Slashdot videos: Now with more Slashdot!
To end the Google Play hegemony, you have to show demand for services outside Google Play. Try this:
- Find a competing bank whose app is on Amazon Appstore. You'll need its name in a later step.
- Pack a Fire Phone or one of the Kindle Fire models with a rear facing camera.
- Visit a branch, and ask how to deposit a check. If they say no can do, find a polite way to ask "What can Barclays offer me that $other_bank can't?"
Probably because makers of I/O components, such as GPUs and radios, aren't exactly warm to the concept of a completely free operating system.
F-Droid excludes all non-free software. And by default, it hides apps with antifeatures such as advertisements and reliance on non-free add-ons or services. So how are the developers of an app on F-Droid supposed to keep a roof over their heads? And would your suggestion also work for games?
It's not hard to get a junker for a few thousand dollars.
I agree about the beater. The step I don't understand is how someone on a first job between high school and college is supposed to come by the "few thousand dollars" in the first place.
And if you really don't want to be linked to Google yet do want online services, buy an iPhone or a Windows phone.
So what if I want to use services that aren't Google's, but I also want to be able to write my own programs for the device without having to pay the $99/year certificate tax to the publisher of the device's operating system?
You need to have a sufficiently large market share that your actions distort the market to be considered a problem.
I was under the impression that in the market for 4 to 5 inch tablets, the iPod touch had "a sufficiently large market share". Can you name any serious competitors in that size range that aren't either A. iOS based or B. intended for use with a cellular network?
I don't know if it's still in force, but there was a time when a single manufacturer wasn't allowed to ship both AOSP devices and Google Play devices.
a lot of apps (e.g. almost all mobile banking apps) are only available via Google Play
Which major bank's app isn't on Amazon?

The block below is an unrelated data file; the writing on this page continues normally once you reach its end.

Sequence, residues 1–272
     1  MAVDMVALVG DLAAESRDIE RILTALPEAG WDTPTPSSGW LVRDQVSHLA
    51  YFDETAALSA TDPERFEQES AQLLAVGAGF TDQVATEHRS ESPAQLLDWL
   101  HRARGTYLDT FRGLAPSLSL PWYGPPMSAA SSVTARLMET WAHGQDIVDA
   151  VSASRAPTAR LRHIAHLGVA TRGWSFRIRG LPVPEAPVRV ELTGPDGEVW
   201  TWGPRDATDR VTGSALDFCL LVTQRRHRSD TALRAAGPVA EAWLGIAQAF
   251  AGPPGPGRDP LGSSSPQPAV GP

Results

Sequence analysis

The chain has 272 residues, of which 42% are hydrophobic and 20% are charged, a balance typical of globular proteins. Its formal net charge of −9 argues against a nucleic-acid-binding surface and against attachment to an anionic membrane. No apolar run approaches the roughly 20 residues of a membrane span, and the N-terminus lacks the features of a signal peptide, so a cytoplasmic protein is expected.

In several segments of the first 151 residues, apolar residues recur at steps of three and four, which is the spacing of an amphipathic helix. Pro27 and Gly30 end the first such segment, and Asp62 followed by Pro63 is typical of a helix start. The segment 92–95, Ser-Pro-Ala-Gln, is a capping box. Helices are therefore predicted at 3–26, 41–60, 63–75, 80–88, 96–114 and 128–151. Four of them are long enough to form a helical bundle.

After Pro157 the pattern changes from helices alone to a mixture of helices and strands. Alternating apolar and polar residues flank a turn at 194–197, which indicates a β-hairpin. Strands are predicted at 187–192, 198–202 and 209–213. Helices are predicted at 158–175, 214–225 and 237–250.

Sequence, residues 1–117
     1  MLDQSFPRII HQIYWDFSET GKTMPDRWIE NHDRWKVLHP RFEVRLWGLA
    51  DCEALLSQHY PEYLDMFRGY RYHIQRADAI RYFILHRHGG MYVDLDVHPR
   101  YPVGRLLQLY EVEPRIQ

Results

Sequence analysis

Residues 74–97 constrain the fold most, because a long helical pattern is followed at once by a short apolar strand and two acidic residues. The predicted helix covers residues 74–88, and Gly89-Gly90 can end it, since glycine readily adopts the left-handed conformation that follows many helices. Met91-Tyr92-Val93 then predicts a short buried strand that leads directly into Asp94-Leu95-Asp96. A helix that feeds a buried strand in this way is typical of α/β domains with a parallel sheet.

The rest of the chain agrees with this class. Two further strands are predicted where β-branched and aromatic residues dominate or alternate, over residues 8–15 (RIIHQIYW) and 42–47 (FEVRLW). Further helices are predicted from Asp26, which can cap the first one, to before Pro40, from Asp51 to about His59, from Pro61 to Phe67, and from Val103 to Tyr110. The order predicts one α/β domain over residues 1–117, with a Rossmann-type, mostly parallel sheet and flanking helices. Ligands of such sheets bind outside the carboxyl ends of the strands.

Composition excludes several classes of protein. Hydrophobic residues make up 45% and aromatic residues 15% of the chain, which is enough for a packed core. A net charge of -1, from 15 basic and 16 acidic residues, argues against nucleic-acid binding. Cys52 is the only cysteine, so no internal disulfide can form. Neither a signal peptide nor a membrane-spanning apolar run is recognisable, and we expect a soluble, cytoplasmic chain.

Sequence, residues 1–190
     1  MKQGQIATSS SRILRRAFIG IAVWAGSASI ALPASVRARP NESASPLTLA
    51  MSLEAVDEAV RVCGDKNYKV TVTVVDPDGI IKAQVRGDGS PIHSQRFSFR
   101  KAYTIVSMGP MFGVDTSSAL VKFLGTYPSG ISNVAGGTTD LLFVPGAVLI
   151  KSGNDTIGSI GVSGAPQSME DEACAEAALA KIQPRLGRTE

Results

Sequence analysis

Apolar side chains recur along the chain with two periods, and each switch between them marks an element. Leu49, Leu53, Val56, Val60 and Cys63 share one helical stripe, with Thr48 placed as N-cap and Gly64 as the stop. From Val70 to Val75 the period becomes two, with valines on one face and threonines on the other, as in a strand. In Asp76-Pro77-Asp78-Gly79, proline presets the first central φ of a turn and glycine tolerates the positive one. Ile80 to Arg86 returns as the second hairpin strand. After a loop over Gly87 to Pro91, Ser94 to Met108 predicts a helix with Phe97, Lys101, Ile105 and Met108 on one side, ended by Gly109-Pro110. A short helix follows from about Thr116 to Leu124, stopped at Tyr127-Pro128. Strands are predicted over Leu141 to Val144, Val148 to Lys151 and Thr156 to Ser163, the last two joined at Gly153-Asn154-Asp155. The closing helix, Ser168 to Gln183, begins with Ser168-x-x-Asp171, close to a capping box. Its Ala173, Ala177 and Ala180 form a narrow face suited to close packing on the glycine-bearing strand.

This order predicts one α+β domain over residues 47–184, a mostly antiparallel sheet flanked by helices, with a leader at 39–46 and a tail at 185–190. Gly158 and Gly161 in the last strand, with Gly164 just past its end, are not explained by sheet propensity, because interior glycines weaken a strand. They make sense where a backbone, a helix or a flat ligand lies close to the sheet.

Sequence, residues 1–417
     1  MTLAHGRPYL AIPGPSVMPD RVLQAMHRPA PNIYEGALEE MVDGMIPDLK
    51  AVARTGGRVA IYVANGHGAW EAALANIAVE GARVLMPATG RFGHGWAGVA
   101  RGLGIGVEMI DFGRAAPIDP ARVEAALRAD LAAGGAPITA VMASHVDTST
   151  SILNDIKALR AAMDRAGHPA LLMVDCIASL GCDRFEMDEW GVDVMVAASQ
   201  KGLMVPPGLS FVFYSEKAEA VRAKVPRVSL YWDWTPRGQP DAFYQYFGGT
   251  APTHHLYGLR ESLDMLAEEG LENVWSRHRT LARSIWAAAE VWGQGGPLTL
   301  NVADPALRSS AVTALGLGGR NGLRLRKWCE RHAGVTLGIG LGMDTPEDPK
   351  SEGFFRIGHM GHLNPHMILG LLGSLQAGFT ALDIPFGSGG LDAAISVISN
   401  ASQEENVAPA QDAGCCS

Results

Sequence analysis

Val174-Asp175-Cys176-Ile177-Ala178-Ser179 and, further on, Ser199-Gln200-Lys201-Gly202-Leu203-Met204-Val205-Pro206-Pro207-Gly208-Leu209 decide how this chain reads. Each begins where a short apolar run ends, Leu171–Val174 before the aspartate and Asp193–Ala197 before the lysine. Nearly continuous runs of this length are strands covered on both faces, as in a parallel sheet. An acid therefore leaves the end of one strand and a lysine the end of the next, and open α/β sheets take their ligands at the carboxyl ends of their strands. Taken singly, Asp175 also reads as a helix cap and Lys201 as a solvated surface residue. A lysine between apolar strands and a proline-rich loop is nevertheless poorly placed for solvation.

Selling your blood plasma to pay for motor fuel amounts to that.
A car is arguably safer than being kicked out of a closing store and then arrested for sleeping in public because the buses have stopped running for the weekend.
consider the fact that your laptop's webcam cannot be accessed from outside sources unless you allow said outside sources into your computer.
Most people who buy a device are unaware of what outside sources had already been allowed into the device when it left the factory.
Financing a car (new or used) should be a last resort.
So where should someone entering the workforce for the first time find the money to buy his first car to get him back and forth to his first job?
On not-Android operating systems, you can choose to deny a particular app access to a particular permission if you don't use features of that app that require access to that particular permission. For example, on iOS, you can deny an app access to your contacts without blocking the rest of the app from installing, and the App Store Review Guidelines state that the rest of an app must continue working without the permission. Android permissions commonly cited as useful to some but overly intrusive to others include "access network state" (be notified when Internet access comes back so that the app can sync data for offline use), "start after boot" (be notified when the device has been turned back on so that the app can sync data for offline use), and contacts (spell-check your friends' names). One could in theory ship a bare-bones app without these features and make separate helper service apps that just grant each of these permissions to the main app, but I'm told that would create a poor user experience.
The Huffington Post reports on prominent Indian websites withdrawing from Facebook's internet.org initiative.
Isn't this the same as the now dead AOL?
Yes. AOL owns The Huffington Post.